Like sweatshops, we should do our best not to support companies that use child labor. Right?
I’ve previously brought up my belief that sweatshops are a positive force for the people that work in them. Similarly, I believe that international activism aimed at ending child labor practices are not only misguided, but actually make the conditions of children even worse off.
Like sweatshops, children work in relatively harsh conditions because their better alternatives stink. If you take away the best alternative, you don’t make those people better off my ‘taking a stand’. You put them into even worse conditions. Such was the case when, as Oxfam documented, a closing of a “sweatshop” caused a large majority of the young women employed to go into prostitution. Sweatshops are horrible, but is prostitution better? (Read the article by Ben Powell to get a full argument in support of sweatshops.)
In America, we like to think that all children have the right to education and that kids shouldn’t have to work, especially in horrible conditions. But picture America 200 years ago (or maybe even more recently than that). Kids were working all around the country. On farms, in factories, in daddy’s blacksmith shop, etc. This was because, at the time, America hadn’t reached a stage of economic development where those families could afford to forfeit their child’s free labor so that they could get an education. Only later, when America experienced tremendous economic growth, did families have the luxury of sending their kids to school instead of using their labor for working. In short, economic growth – though sometimes slower than we have patience for – is the true remedy for improving working conditions, not labor laws.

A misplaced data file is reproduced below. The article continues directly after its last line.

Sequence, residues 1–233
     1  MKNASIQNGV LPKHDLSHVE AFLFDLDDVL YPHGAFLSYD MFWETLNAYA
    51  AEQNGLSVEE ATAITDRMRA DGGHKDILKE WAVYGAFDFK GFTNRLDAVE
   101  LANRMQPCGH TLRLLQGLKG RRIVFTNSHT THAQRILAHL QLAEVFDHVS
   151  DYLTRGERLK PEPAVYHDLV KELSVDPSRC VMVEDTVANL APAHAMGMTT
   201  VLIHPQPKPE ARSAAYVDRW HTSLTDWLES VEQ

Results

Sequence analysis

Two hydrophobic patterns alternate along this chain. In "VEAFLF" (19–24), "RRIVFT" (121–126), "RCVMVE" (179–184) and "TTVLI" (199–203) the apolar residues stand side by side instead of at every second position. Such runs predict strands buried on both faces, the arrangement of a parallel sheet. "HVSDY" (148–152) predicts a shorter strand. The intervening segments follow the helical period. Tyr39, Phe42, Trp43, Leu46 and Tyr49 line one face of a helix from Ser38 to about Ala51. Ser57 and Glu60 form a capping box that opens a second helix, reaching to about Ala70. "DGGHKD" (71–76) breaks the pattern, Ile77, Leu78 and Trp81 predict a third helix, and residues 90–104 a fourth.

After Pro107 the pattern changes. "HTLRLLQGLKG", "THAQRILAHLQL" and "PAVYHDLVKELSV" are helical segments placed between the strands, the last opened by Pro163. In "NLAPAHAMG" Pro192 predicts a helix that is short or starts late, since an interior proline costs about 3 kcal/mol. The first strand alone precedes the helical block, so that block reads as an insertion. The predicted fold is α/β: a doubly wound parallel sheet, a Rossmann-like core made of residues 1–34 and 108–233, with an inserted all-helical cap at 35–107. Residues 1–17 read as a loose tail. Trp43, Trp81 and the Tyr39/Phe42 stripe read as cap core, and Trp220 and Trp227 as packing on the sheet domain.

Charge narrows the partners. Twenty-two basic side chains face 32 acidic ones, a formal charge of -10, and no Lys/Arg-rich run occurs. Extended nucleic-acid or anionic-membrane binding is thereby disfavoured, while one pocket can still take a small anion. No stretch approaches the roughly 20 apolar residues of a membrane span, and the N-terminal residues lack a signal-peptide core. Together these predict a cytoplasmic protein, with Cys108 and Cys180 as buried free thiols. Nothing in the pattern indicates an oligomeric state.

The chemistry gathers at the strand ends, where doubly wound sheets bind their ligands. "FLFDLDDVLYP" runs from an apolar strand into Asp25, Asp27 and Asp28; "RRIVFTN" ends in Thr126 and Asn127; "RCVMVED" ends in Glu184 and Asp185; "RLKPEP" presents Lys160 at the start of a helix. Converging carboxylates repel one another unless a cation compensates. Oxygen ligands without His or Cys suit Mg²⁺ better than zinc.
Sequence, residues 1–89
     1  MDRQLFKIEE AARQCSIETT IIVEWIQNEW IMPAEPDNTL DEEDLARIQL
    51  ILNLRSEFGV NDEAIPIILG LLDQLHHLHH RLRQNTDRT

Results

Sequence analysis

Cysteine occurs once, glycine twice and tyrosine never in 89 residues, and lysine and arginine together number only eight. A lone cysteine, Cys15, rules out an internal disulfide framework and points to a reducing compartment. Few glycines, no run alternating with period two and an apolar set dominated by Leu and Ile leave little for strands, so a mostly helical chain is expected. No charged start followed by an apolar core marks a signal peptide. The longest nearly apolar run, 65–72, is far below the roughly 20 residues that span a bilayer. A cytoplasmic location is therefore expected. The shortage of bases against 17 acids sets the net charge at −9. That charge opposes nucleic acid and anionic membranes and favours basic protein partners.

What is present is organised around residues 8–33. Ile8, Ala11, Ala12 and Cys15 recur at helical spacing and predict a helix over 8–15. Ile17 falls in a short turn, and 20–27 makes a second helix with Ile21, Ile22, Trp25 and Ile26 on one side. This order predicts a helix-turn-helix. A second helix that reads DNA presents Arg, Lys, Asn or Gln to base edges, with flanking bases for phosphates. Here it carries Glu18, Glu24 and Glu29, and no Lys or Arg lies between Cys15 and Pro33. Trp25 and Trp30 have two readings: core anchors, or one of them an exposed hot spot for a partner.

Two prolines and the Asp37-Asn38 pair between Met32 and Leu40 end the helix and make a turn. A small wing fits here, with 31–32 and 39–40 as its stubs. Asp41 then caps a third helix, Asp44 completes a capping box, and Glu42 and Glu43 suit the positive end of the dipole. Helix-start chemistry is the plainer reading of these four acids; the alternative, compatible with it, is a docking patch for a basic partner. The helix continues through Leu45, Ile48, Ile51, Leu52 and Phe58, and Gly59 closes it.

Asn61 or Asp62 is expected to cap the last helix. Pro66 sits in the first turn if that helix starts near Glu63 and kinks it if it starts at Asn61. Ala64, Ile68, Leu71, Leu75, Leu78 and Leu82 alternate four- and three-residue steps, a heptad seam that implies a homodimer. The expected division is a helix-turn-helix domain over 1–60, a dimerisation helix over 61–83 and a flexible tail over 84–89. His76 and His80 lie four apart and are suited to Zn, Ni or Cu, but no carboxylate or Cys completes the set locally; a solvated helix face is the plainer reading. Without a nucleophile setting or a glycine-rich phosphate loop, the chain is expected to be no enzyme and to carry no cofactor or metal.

These arguments might not seem persuasive. You might be saying “sweatshops are just one of those things I know are wrong. How can you justify these cruel practices?”
I bring up this topic because a recent article linking international activism against child labor with decreasing conditions for the people that activism is aiming to help. To sum up, when we lower the demand for the products that these children are producing, their wages and conditions consequently decrease. Why is this, and why is there nothing that we can do through interventions like boycotts and legislation? Again, I suggest reading Ben Powell’s essay.